19. ^ Lesnick, Silas (February 9, 2015). "It's Official: Spider-Man Enters the Marvel Cinematic Universe!". SuperHeroHype. Retrieved February 10, 2015.
  20. ^ Quesada, Joe (March 22, 2015). "Have you seen any visual concepts/early designs". Tumblr. Retrieved March 22, 2015. The trick to making any incarnation of Spider-Man great, whether comics, animation or film is Peter Parker. Get Peter's character right and the rest falls into place.
  21. ^ Khatchatourian, Maane. "'Spider-Man': New Movie Stars Teen Peter Parker". Variety. Retrieved May 15, 2015.
  22. ^ Bibbiani, William (April 11, 2015). "Exclusive: Marvel's Spider-Man Reboot is NOT an Origin Story". CraveOnline.com. Archived from the original on April 12, 2015. Retrieved April 11, 2015.
  23. ^ Faraci, Devin (June 28, 2015). "Kevin Feige: Next Spider-Man Will Have New Villains, John Hughes Vibe". Birth. Movies. Death. Archived from the original on June 29, 2015. Retrieved June 28, 2015.
  24. ^ a b Lang, Brett (April 12, 2016). "'Spider-Man' Movie Gets Official Title". Variety. Archived from the original on April 13, 2016. Retrieved April 13, 2016.
  25. ^ "Sony Pictures and Marvel Studios Find Their 'Spider-Man' Star and Director" (Press release). Marvel.com. June 23, 2015. Retrieved June 24, 2015.
  26. ^ Busch, Anita (February 11, 2017). "Robert Downey, Jr. Confirms Spider-Man Character in 'Avengers: Infinity War' On FB Live". Deadline. Retrieved February 11, 2017.
  27. ^ Goldberg, Matt. "'Avengers: Infinity War': Kevin Feige Reveals Spider-Man's Screentime". Retrieved April 27, 2018.
  28. ^ Kit, Borys; Couch, Aaron (April 18, 2017). "Marvel's Kevin Feige on Why the Studio Won't Make R-Rated Movies, 'Guardians 2' and Joss Whedon's DC Move". The Hollywood Reporter. Archived from the original on April 18, 2017. Retrieved April 18, 2017.
  29. ^ D'Alessandro, Anthony (December 9, 2016). "'Spider-Man: Homecoming 2' Shoots Web Around Independence Day 2019 Frame; 'Bad Boys 4' Moves To Memorial Day". Deadline Hollywood. Archived from the original on December 10, 2016. Retrieved December 9, 2016.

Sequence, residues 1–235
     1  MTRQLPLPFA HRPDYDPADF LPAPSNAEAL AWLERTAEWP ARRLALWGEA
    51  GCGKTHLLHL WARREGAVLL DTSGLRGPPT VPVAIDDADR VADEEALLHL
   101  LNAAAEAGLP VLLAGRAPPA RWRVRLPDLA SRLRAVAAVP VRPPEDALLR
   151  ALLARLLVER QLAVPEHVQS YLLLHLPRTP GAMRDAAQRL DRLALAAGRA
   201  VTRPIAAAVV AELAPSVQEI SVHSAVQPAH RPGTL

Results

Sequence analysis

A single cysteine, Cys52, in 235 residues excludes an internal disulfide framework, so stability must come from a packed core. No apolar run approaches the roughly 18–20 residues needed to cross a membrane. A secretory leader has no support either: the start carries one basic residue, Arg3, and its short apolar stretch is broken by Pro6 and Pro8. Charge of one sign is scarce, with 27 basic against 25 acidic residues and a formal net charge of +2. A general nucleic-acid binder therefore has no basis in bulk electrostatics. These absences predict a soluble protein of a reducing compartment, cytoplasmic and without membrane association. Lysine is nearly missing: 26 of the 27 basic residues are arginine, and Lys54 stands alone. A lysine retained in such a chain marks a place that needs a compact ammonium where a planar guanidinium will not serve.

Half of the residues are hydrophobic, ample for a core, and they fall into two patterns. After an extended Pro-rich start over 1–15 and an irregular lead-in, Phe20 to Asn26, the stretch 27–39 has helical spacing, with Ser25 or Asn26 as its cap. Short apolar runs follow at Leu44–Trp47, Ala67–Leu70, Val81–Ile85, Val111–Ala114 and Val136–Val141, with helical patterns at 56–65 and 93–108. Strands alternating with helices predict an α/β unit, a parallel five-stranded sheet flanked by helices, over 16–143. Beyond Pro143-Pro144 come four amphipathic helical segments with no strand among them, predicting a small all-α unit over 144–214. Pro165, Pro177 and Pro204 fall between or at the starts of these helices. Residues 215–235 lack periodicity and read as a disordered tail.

30. ^ a b Lang, Brent (September 27, 2019). "Sony, Marvel Make Up: Companies Will Produce Third 'Spider-Man' Film". Variety. Archived from the original on September 27, 2019. Retrieved September 27, 2019.
  31. ^ Schwartz, Terri (June 27, 2015). "How Marvel's 'Spider-Man' is telling a brand new Peter Parker story". Zap2it. Archived from the original on June 28, 2015. Retrieved June 28, 2015.
  32. ^ Miller, Ross (March 10, 2016). "Spider-Man makes first appearance in new Captain America: Civil War trailer". The Verge. Archived from the original on March 10, 2016. Retrieved March 10, 2016.
  33. ^ Jayson, Jay (January 11, 2016). "Spider-Man Develops A Very Personal Relationship In Captain America: Civil War". Comicbook.com. Archived from the original on January 12, 2016. Retrieved January 11, 2016.
  34. ^ Davis, Brandon (January 8, 2016). "Exclusive: Captain America: Civil War Directors Explain How Their Spider-Man Is Different". Comicbook.com. Archived from the original on January 9, 2016. Retrieved January 8, 2016.
  35. ^ Thompson, Simon (March 16, 2016). "Russo Brothers Talk 'Captain America: Civil War', Their Plans for Spider-Man And Post-Credits Scenes". Forbes. Archived from the original on March 17, 2016. Retrieved March 16, 2016.
  36. ^ Bradley, Bill (June 26, 2017). "Tom Holland Confirms Fan Theory About Spider-Man's Cameo In 'Iron Man 2'". Huffington Post. Retrieved June 26, 2017.